Beginning in the mid-1980s, many developing countries made close integration into the international trading system a pillar of their economic reform agenda. They sought to achieve this not only through active participation in multilateral trade negotiations, but also through rapid unilateral trade liberalization. In many countries, trade liberalization was accompanied by an opening up of their financial sector and capital account. Rapid liberalization and increased exposure to international market forces and competition were expected to boost efficiency and competitiveness, which in turn would underpin a more rapid rate of economic growth and a narrowing of the income gap with developed countries. However, by the early 1990s there were many instances where the outcome of this policy strategy did not live up to expectations.

    • Openness, integration and national policy space

      The move to unrestricted cross-border flows of goods, services and capital has always been one of the principles of globalization. Since the late 1970s, “the propensity to truck, barter and exchange one thing for another” (Adam Smith), unhindered by political boundaries, has been regarded as the cornerstone of a global system that would produce efficiency gains from allowing resources to be directed to their most efficient use, and specialization gains from accessing a greater variety of intermediate and capital goods. If improved institutional quality and technology spillover are added, trade and capital openness should automatically allow for catch-up growth in poorer countries and bring about income convergence at the global level (see, for example, IMF, 2002; WTO, 1998; World Bank, 2002; Winters, 2004). But the empirical evidence supporting this approach has been elusive. In fact, most of the evidence suggests that the impact of trade openness has been highly uneven, and contingent on a variety of institutional factors, and that there is room for discretionary policy measures at the micro and macro level.

    • Fostering coherence between the international trading, monetary and financial systems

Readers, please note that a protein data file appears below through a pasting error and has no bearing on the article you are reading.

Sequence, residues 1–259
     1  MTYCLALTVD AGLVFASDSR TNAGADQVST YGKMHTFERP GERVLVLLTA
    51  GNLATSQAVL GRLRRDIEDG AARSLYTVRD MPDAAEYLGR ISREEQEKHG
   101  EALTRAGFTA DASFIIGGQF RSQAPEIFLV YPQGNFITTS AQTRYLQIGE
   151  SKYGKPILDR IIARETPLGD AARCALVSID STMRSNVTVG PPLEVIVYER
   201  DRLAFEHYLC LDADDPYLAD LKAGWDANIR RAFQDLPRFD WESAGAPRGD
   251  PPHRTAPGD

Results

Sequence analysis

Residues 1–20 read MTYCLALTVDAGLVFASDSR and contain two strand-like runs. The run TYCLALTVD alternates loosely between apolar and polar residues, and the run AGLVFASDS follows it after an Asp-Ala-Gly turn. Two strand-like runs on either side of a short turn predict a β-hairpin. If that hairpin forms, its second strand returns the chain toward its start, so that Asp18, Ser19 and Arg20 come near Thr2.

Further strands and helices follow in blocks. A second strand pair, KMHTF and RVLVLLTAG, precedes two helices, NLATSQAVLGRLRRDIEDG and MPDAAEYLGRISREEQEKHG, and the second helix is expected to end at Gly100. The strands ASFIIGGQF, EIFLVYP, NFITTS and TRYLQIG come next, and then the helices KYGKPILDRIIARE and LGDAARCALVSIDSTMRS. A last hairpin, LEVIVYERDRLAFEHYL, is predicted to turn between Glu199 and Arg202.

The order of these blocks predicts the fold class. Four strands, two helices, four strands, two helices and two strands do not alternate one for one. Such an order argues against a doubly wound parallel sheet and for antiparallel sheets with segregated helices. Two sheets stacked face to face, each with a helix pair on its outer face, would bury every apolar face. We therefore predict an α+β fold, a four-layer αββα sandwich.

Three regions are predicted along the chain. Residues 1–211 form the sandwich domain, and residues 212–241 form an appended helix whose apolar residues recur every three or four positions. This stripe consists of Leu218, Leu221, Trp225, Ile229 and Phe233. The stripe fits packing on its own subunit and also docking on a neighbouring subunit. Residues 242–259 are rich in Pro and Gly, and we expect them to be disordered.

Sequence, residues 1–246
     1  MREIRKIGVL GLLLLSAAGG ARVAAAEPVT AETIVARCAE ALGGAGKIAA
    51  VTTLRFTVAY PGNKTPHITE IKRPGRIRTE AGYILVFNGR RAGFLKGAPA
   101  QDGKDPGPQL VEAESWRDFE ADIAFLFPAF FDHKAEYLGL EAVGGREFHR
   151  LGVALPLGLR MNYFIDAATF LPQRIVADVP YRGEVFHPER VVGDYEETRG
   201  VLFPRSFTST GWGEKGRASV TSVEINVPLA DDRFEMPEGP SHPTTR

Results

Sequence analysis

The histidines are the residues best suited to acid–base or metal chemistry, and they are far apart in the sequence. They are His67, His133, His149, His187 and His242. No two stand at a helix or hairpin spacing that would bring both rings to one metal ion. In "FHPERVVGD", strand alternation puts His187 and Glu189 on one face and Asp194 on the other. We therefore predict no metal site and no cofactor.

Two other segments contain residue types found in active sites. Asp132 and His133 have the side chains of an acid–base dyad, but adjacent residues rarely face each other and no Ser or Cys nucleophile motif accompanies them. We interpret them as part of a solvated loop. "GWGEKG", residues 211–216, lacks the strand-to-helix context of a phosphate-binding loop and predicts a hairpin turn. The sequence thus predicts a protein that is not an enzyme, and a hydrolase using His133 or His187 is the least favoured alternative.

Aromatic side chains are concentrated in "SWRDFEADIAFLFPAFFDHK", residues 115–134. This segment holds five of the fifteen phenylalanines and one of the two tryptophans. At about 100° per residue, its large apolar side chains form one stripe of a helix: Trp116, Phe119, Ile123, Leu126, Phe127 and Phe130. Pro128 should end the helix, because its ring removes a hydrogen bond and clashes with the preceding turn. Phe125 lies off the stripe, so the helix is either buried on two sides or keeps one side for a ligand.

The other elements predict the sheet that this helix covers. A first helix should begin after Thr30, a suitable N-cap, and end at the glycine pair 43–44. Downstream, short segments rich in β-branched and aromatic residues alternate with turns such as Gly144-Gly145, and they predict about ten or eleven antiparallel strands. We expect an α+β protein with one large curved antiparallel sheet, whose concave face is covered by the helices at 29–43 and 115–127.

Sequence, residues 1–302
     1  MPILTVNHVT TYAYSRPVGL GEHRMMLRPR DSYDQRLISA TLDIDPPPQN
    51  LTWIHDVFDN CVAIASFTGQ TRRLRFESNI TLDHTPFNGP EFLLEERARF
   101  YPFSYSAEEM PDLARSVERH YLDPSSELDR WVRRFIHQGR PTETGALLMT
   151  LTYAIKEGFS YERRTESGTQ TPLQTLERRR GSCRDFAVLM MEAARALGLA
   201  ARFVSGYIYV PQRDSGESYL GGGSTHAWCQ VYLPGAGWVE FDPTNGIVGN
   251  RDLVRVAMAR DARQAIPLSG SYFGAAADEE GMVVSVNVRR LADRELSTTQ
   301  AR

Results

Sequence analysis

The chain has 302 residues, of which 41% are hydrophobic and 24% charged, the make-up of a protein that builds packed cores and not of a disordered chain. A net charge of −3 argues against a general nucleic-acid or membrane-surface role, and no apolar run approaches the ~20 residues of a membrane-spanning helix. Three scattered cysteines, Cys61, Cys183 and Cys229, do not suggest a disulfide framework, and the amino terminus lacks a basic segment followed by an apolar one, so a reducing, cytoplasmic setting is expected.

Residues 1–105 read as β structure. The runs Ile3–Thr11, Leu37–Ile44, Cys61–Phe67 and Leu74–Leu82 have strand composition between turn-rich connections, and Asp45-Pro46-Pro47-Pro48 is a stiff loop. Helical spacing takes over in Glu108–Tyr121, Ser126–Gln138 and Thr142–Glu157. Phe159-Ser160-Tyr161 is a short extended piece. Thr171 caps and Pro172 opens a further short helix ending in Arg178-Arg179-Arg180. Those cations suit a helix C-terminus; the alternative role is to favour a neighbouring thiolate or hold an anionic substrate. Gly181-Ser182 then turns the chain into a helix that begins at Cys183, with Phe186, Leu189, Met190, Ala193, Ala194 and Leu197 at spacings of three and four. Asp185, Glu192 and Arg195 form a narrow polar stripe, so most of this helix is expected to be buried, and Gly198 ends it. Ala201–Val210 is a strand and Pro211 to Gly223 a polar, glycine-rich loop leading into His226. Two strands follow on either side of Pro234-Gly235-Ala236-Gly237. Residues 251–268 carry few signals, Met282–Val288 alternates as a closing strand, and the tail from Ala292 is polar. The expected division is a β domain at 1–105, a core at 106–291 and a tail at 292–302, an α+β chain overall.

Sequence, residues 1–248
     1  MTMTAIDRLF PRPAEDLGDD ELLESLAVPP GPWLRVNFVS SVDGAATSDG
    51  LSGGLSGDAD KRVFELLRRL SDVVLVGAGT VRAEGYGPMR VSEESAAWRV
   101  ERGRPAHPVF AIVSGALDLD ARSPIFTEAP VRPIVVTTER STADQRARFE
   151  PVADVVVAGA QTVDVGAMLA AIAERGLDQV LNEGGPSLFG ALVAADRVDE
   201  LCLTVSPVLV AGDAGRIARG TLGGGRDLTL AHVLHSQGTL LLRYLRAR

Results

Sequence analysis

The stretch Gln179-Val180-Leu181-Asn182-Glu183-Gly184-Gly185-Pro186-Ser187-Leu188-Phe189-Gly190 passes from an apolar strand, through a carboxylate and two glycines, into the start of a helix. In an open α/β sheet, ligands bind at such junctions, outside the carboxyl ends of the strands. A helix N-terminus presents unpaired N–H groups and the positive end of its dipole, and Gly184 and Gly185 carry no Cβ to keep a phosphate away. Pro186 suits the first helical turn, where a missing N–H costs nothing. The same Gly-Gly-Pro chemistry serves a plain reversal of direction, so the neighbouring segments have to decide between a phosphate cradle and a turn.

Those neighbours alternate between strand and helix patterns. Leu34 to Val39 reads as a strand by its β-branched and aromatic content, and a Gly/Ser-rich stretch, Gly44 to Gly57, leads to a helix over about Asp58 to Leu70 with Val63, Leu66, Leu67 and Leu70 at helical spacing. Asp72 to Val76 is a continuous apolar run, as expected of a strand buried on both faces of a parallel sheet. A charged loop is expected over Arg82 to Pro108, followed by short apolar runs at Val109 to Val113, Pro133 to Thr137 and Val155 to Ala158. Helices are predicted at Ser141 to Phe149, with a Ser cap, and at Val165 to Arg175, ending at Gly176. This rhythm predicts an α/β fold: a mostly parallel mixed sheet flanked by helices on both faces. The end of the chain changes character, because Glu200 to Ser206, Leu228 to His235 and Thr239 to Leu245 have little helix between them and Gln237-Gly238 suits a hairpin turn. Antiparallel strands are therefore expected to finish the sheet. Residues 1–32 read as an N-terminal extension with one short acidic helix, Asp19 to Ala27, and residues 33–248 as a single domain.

Developing countries depend on a favourable international trading environment to reap the full benefits of their integration into the world economy. Equally important for their successful integration is the creation of strong supply capacities. An essential lesson from the experiences of countries that combined successful integration into the world economy with sustained growth is the critical role of active and well sequenced policies to augment the existing stock of physical and human capital, enable the use of more efficient technologies, and shift resources from traditional, lowproductivity activities towards activities that offer a high potential for productivity growth.

    • Conclusions and policy challenges

      Rapid integration into the world economy, followed by many developing countries as a key element of their economic reform agenda since the mid-1980s, has not had the expected developmental effects. Their increased exposure to international market forces and competition has not enabled these countries to establish the kind of virtuous interaction between international finance, domestic capital formation and export activities that underpinned the successful catching up of Western Europe after the Second World War and of the NIEs during the 1980s and early 1990s. In this context, a fundamental question is how to reinforce coherence between national development strategies and global processes and disciplines, as well as policy coherence among and within the various aspects/sectors of the global economy that impact on development prospects of developing countries. Of particular importance is the interface between the international trading system and the international monetary and financial system.

    • References - Part 2